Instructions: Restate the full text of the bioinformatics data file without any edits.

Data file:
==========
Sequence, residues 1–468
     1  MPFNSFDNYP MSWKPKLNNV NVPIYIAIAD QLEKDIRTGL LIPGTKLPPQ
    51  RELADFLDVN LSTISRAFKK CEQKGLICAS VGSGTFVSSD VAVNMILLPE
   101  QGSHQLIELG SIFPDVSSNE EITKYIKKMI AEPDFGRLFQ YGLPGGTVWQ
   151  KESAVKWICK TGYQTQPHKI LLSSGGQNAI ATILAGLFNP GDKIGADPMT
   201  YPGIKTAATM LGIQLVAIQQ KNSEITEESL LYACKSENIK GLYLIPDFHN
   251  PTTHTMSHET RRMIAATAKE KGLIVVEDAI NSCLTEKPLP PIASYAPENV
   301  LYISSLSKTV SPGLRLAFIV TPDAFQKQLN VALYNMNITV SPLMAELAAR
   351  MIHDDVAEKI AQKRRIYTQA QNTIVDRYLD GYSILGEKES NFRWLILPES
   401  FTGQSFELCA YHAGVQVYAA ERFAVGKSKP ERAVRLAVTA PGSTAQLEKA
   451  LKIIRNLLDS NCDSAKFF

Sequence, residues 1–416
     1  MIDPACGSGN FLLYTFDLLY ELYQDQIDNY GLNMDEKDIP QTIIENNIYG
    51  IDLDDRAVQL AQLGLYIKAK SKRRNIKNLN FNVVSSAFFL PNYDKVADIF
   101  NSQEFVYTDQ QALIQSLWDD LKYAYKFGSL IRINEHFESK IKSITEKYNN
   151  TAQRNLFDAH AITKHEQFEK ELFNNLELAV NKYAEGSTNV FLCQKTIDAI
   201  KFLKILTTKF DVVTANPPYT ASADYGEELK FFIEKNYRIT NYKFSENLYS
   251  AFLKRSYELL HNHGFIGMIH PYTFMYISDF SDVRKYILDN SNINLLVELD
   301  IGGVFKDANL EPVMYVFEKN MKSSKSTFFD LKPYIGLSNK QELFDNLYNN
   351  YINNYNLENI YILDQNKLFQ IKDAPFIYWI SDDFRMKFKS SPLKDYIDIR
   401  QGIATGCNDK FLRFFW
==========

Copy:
Sequence, residues 1–468
     1  MPFNSFDNYP MSWKPKLNNV NVPIYIAIAD QLEKDIRTGL LIPGTKLPPQ
    51  RELADFLDVN LSTISRAFKK CEQKGLICAS VGSGTFVSSD VAVNMILLPE
   101  QGSHQLIELG SIFPDVSSNE EITKYIKKMI AEPDFGRLFQ YGLPGGTVWQ
   151  KESAVKWICK TGYQTQPHKI LLSSGGQNAI ATILAGLFNP GDKIGADPMT
   201  YPGIKTAATM LGIQLVAIQQ KNSEITEESL LYACKSENIK GLYLIPDFHN
   251  PTTHTMSHET RRMIAATAKE KGLIVVEDAI NSCLTEKPLP PIASYAPENV
   301  LYISSLSKTV SPGLRLAFIV TPDAFQKQLN VALYNMNITV SPLMAELAAR
   351  MIHDDVAEKI AQKRRIYTQA QNTIVDRYLD GYSILGEKES NFRWLILPES
   401  FTGQSFELCA YHAGVQVYAA ERFAVGKSKP ERAVRLAVTA PGSTAQLEKA
   451  LKIIRNLLDS NCDSAKFF

Sequence, residues 1–416
     1  MIDPACGSGN FLLYTFDLLY ELYQDQIDNY GLNMDEKDIP QTIIENNIYG
    51  IDLDDRAVQL AQLGLYIKAK SKRRNIKNLN FNVVSSAFFL PNYDKVADIF
   101  NSQEFVYTDQ QALIQSLWDD LKYAYKFGSL IRINEHFESK IKSITEKYNN
   151  TAQRNLFDAH AITKHEQFEK ELFNNLELAV NKYAEGSTNV FLCQKTIDAI
   201  KFLKILTTKF DVVTANPPYT ASADYGEELK FFIEKNYRIT NYKFSENLYS
   251  AFLKRSYELL HNHGFIGMIH PYTFMYISDF SDVRKYILDN SNINLLVELD
   301  IGGVFKDANL EPVMYVFEKN MKSSKSTFFD LKPYIGLSNK QELFDNLYNN
   351  YINNYNLENI YILDQNKLFQ IKDAPFIYWI SDDFRMKFKS SPLKDYIDIR
   401  QGIATGCNDK FLRFFW